WINCHESTER – One of the largest employers in North Dundas was convicted in August of multiple Environment Protection Act violations that stem from issues with its sewage treatment plant between 2017 and 2019.
Parmalat Canada, which owns the dairy products plant in Winchester, was convicted August 25 for three violations.
Two charges include discharging odours that caused an adverse effect, and the other for failing to comply with conditions of a ministry approval. The offences cover a period of nearly 32 months, and three events total.
Beginning in early 2017, the Ministry of Environment, Conservation and Parks received numerous odour complaints from residents. Often the smell was so strong that residents had to remain indoors with their windows closed, or were woken from their sleep by the foul smell. According to the ministry, some residents sought alternative sleeping accommodations to avoid the overwhelming spoiled milk and sewage smell.
Parmalat began using a new microfiltration system for processing milk, which increased wastewater production at the facility, surpassing the ministry approved operating limits for the company’s on-site sewage system. Wastewater at the facility is treated so it can be discharged into a nearby ditch.
The Ministry said that the increased flow and organic material in the sewage decreased the efficiency of the treatment plant, which created “septic conditions” and odour.
Complaints to the ministry continued into 2018 and 2019. Parmalat held a public meeting in 2018 to address resident concerns. The Ministry said that Parmalat made some attempts to lessen the smelly discharges from its plant but “the efforts were insufficient.”
The ECP’s Environmental Investigations and Enforcement branch investigated the many complaints and laid charges, which resulted in three convictions in August.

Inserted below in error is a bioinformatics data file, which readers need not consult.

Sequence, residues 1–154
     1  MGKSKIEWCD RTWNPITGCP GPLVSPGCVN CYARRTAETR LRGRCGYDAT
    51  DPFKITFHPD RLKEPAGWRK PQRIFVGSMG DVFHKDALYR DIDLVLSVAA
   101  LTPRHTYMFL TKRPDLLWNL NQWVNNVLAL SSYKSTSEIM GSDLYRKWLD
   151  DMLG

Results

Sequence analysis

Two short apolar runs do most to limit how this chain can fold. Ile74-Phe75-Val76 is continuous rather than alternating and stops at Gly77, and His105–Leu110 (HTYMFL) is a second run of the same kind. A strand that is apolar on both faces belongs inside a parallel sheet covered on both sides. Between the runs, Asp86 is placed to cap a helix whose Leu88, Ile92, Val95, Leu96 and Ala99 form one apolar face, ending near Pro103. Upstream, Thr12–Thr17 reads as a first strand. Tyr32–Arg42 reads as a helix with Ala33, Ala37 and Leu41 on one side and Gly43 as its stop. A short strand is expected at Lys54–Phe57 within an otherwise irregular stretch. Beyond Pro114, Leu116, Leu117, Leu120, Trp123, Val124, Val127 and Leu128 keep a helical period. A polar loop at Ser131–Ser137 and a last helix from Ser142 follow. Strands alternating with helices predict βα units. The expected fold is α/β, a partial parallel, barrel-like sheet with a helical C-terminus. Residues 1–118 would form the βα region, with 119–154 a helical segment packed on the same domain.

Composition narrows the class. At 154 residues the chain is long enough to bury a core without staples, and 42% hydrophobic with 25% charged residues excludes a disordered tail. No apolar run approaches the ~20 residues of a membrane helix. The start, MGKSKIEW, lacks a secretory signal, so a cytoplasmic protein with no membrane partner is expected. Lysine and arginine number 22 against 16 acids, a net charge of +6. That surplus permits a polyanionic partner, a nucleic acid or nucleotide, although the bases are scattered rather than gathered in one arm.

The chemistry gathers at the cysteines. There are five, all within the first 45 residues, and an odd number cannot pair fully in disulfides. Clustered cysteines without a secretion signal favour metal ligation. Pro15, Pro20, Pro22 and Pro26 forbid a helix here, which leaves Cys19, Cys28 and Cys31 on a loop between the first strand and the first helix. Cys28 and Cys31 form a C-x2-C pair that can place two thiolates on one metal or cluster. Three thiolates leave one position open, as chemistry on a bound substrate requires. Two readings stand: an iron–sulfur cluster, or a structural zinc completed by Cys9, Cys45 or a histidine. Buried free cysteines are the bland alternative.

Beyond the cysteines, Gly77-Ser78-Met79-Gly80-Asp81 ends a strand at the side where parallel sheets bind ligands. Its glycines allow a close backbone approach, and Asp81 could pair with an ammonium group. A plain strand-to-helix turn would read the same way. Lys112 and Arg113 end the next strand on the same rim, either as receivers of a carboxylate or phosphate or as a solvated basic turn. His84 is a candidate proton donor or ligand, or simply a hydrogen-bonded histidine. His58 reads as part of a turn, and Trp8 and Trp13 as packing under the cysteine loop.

The Ministry acknowledged that Parmalat spent over $17 million to upgrade its wastewater treatment facility to address odour issues.
Parmalat was fined $510,000, and was given a short-term probation order requiring it to pay an additional $110,000 to Queen’s University to support research at the Beaty Water Research Centre.
Additionally, a victim fine surcharge of $127,500 was issued to Parmalat.
In a statement to The Leader, Lactalis Canada spokesperson Roopa Shah said that the company voluntarily pled guilty to the offences and accepted the associated fines.
“As part of our continued commitment and efforts in mitigating related odours and enhancing the wastewater treatment process, Lactalis Canada completed a three-year, $17.39 million Wastewater Treatment Modernization Project in 2020 to address these issues,” Shah said. “As a long-standing member of Winchester community, Lactalis Canada is proud of its deep ties to the region and places great importance on having a positive impact on the community and the safety and wellbeing of its members.”
Local resident Sue Clavet, who was one of the complainants to the ministry about the odour issues at the plant, said that she was okay with the fines but thought it was just a slap on the wrist for a company as big as Parmalat. Her concern with the conviction is the $110,000 to Queen’s University as part of the judgement.
“I thought they would have sent something to the residents of Winchester who had to put up with it, or donated that money to research here that’s local,” she said. “I was quite disappointed with that.”
Clavet said that since the company has made plant improvements, the smell has mostly disappeared.
“Over the last year it’s been minimal,” she said. “It’s really been a huge improvement.”
In Summer 2020, Parmalat Canada changed its name to Lactalis Canada. The company also operates dairy facilities in Ingleside, Belleville, and Montréal. Lactalis is part of Groupe Lactalis, the largest dairy products conglomerate in the world, and headquartered in France.
Editor's Note – In the September 15 print edition of The Leader, the article stated that Parmalat Canada was a division of Lactalis Canada. In fact, the company was renamed from Parmalat Canada to Lactalis Canada.
Phillip Blancher, Local Journalism Initiative Reporter, The Morrisburg Leader